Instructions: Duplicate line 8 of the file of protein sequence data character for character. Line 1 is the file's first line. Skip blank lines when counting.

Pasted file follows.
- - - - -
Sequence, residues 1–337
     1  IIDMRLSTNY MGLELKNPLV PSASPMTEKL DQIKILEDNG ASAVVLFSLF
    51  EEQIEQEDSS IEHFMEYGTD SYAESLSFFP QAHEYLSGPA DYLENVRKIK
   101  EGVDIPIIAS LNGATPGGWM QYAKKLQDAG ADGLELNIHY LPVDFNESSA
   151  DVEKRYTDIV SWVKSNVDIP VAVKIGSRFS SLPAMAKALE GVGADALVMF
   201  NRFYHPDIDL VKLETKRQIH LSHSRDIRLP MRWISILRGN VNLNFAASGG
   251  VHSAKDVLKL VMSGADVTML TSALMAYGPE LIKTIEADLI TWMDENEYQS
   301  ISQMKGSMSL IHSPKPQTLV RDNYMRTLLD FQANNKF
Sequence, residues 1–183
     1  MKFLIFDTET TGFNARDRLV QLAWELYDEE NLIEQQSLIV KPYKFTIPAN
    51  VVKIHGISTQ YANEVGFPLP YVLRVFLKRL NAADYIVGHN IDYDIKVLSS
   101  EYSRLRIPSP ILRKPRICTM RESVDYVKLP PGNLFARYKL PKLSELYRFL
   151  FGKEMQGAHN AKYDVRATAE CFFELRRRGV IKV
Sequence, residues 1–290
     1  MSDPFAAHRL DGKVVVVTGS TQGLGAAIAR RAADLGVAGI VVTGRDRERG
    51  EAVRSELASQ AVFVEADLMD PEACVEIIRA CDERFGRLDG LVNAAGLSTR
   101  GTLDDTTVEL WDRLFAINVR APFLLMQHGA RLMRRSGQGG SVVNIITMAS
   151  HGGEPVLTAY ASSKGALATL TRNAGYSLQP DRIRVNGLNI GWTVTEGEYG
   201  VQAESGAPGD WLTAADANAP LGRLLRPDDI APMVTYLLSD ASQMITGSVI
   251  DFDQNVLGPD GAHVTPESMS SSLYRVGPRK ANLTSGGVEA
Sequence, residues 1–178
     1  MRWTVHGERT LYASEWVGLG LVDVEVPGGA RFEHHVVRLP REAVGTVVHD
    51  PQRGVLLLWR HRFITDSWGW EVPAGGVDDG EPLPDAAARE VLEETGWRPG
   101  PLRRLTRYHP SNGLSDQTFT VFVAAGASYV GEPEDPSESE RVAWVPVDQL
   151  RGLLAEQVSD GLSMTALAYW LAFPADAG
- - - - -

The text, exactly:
   301  ISQMKGSMSL IHSPKPQTLV RDNYMRTLLD FQANNKF